simpler increment of time values?
Chris Angelico
rosuav at gmail.com
Thu Jul 5 15:56:37 CEST 2012
On Thu, Jul 5, 2012 at 11:18 PM, Vlastimil Brom
<vlastimil.brom at gmail.com> wrote:
> Yes, the calculations with seconds since the Unix epoch is very
> convenient for real times, but trying to make it dateless seemed to
> make it more complicated for me.
>
> The expected output for the increments asked by Jason was already
> correctly stated by Devin; i.e.: 12:45 plus 12 hours is 0:45 and 12:45
> minus 13 hours is 23:45.
I'm not familiar with the Python classes (I tend to think in terms of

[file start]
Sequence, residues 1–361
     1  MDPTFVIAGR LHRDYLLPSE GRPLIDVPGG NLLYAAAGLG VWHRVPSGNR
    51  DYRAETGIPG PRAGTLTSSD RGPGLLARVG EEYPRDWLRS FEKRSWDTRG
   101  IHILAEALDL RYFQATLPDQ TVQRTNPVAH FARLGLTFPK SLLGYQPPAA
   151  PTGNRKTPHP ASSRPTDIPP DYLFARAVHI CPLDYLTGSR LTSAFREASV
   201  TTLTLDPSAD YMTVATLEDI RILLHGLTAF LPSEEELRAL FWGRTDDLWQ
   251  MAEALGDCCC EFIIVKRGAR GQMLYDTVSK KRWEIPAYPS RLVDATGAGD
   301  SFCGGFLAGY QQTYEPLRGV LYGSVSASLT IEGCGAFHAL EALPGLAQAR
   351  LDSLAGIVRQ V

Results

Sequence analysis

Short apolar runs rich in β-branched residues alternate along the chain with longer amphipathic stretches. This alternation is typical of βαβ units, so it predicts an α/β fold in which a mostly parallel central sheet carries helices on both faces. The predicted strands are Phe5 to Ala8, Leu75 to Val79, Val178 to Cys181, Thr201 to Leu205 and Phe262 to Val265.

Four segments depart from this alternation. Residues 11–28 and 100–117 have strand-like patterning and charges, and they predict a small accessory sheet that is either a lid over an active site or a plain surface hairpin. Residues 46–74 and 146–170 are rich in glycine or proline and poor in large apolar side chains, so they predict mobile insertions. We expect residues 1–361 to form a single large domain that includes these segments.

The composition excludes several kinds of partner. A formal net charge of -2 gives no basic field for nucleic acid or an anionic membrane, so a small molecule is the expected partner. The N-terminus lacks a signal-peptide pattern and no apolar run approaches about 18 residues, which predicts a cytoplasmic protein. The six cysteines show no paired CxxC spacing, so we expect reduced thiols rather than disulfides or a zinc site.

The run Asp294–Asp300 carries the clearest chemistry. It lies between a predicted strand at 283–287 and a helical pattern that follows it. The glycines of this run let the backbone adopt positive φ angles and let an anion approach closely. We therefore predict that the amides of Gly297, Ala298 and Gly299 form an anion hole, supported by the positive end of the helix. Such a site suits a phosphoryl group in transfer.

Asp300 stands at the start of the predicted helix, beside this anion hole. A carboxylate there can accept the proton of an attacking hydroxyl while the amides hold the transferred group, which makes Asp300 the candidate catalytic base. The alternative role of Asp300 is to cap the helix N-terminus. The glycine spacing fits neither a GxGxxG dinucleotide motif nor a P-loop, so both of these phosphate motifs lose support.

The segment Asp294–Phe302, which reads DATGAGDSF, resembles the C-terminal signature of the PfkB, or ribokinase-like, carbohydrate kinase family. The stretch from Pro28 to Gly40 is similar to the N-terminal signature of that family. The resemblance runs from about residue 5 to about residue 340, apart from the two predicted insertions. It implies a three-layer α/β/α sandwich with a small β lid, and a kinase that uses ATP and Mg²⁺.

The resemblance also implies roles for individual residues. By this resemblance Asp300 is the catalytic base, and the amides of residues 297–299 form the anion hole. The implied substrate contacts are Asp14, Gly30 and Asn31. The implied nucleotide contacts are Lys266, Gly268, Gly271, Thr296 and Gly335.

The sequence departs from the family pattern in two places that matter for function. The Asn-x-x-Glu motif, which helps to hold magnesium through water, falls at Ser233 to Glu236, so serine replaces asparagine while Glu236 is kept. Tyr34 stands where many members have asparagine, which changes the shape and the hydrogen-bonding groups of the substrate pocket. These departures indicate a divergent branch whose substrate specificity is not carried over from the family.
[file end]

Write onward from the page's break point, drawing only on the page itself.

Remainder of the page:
language-agnostic algorithms first, and specific libraries/modules/etc
second), but if you're working with simple integer seconds, your
datelessness is just modulo arithmetic.
time1 + time2 --> (time1 + time2) % 86400
time1 - time2 --> (time1 + 86400 - time2) % 86400
Or alternatively, bounding afterward:
if time > 86400: time-=86400
if time < 86400: time+=86400
(The "magic number" 86400 is a well-known number, being seconds in a
day. Feel free to replace it with 24*60*60 if it makes you feel
better; I'm pretty sure Python will translate it into a constant at
parse time. Or alternatively, have a module-level constant
SECONDS_IN_A_DAY = 86400, in case that number should ever change.)
ChrisA
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